Top Spots For Kosher Food In Philadelphia
If kosher equals matzo to you, you’ve got a lot to learn, my friend. In Philly, you can keep kosher and eat cupcakes and pizza and cheesesteaks (oh, my). If needing a well-deserved break from the kitchen, here are some great places to eat kosher around town.
507 S. 6th St.
Philadelphia, PA 19147
Hours: Mon to Sat – 11 a.m. to 10 p.m., Sun – 11 a.m. to 9 p.m.
If you’re looking for kosher and vegan, you must try Blackbird Pizzeria. Even if you’re not, you will find something to love here. Regulars sing the praises of the Seitan Cheesesteak ($8), made with seitan sliced thin and grilled with onions and peppers, crimini and white mushrooms and daiya cheese on a vegan steak roll. Fans love all of the pizzas at Blackbird, especially the Margherita, topped with red sauce and cherry tomatoes, shaved elephant garlic, fresh basil and tofu “mozzarella,” for a measly $3.50 per slice or $17 for a whole pie. With the funky artwork and super cool soundtrack, you’re sure to enjoy Blackbird too. And if you just can’t leave the office (or couch), Blackbird now delivers.
811 Sansom St.
Philadelphia, PA 19107
Hours: Mon to Thurs and Sun – 10 a.m. to 9 p.m., Fri – 10 a.m. to 3 p.m.
In Hebrew, “Hamifgash” means “meeting place,” and at Hamifgash Glatt Kosher Grill, people come from all over to hang out and enjoy tasty kosher, Turkish and vegetarian fare. Fans say Hamifgash has the best falafel in town. Served with crusty pita bread fresh out of the oven, it’s a bargain at $5.75. Don’t miss the chicken Schwarma, either–perfectly spiced and flame-broiled, you can get it as a platter with rice and salad ($11.95) or in a pita ($7). Hamifgash is BYOB, but please make sure that bottle is kosher!
18 S. 20th St.
Philadelphia, PA 19103
Hours: Mon to Thurs – 11 a.m. to 9 p.m., Fri – 11 a.m. to 3 p.m., Sun – Noon to 7 p.m.
Everybody loves to go to mama’s place, especially when Mama’s serves up hot, delicious kosher vegetarian Middle Eastern food. This tiny eatery in Rittenhouse Square has won over scores of fans with amazing falafel on freshly baked pita, which can be ordered according to your appetite (a large is $6 and a small is $3.50) along with heavenly hummus. There’s a pickle bar that includes not only pickles, but also pickled carrots, peppers and cauliflower. A close cousin to the knish, Mama’s Israeli Borekas ($5), which are puff pastry-like dough that’s filled with spinach, potato or mushrooms, have been winning raves in the community. All good mamas love to feed a crowd and this one’s no different; Mama’s caters for any occasion.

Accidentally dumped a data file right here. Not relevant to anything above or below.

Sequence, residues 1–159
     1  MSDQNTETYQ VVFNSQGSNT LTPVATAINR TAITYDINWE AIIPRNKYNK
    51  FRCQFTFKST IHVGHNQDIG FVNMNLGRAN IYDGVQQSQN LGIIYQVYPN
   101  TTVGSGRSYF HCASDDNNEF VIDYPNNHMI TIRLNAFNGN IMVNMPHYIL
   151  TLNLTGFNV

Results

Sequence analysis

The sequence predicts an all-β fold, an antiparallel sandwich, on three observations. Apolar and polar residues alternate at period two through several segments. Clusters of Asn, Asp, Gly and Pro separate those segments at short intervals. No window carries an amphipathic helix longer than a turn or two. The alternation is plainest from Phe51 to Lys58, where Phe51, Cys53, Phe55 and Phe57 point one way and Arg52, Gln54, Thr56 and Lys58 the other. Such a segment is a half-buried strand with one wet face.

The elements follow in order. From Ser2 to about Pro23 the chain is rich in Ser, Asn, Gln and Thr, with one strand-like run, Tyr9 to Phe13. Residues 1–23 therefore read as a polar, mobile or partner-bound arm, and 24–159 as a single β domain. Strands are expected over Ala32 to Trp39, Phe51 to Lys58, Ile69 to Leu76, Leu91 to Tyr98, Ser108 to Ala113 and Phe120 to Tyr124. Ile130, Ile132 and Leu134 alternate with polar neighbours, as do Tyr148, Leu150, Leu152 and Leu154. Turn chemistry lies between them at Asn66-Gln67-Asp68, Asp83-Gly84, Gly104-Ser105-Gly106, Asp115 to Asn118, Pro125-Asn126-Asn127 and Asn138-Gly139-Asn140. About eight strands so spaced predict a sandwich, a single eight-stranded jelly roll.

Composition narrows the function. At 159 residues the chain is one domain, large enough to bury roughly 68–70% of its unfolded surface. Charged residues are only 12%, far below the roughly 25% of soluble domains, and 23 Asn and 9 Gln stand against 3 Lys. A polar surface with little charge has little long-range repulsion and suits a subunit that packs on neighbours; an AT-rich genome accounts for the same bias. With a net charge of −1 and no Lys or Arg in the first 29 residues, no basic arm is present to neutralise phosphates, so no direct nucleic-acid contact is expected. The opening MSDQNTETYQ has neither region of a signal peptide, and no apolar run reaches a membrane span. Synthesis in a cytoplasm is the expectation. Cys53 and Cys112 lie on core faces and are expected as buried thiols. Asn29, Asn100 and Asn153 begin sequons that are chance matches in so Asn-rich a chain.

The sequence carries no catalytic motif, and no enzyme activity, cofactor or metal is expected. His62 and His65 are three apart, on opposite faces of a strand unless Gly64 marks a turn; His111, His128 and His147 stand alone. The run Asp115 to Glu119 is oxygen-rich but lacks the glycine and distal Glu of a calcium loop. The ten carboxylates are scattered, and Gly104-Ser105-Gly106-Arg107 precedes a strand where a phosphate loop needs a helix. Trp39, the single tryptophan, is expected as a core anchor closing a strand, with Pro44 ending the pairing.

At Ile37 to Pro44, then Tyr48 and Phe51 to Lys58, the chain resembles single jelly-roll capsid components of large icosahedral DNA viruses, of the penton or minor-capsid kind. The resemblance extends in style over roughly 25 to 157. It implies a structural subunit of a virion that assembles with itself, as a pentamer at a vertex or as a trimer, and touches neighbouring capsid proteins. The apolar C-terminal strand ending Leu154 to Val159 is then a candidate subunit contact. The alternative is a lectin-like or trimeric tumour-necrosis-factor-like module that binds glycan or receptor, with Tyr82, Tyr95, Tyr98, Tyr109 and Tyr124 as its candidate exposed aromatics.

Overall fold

Judah Mediterranean Grill
9311 Krewstown Road
Philadelphia, PA 19115
Hours: Sun to Thurs – 11 a.m. to 9 p.m., Fri – 11 a.m. to 3 p.m.
In this authentic Israeli restaurant in the Bustleton area, you will love what Chef Mike Avitan calls “Modern Israeli” fare. Be sure to go hungry for the lunch special; you get your choice of soup or salad, choice of meat (Kabob, Shawarma, Chicken Breast, Baby Chicken or Schnitzel) and two of its 15-some sides, plus the homemade pickle mix, all for $14. And if you’re (somehow) not stuffed after that, be sure to order a taste of “Heaven,” vanilla ice cream, halvah shavings, cherry tomato jam and candied walnuts for $7. Although it’s a small store-front joint in a strip mall, it has service like a 4-star brasserie, and you’ll feel like a welcome guest.
Sweet Freedom Gluten Free Bakery
1424 South St.
Philadelphia, PA 19146
Hours: Tues to Sat – 10 a.m. to 7 p.m., Sun – 10 a.m. – 4 p.m.
Gluten-free, soy-free, vegan, dairy-free, egg-free, corn-free, refined sugar-free, peanut-free and kosher? Sounds like a recipe for cardboard cookies, right? Nope. Sweet Freedom’s baked goods are as good as (and sometimes better than) those filled with all of the above ingredients. Rittenhouse Square’s Sweet Freedom’s front case is always full of tempting cupcakes, cookies, brownies, donuts, pies and more, any of which would be a perfect ending to your dinner. Best buds and owners Allison Lubert and Heather Esposito opened their cute little bakery in 2010. Since all of their goodies are wheat and dairy-less, it was easy to have a rabbi come in and certify the bakery kosher. Easy as, if you’ll forgive us, pie.
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Trish Deitemyer is a freelance writer living in Philly. She covers Food & Drink and has been writing since 1986. Her work can be found at Examiner.com.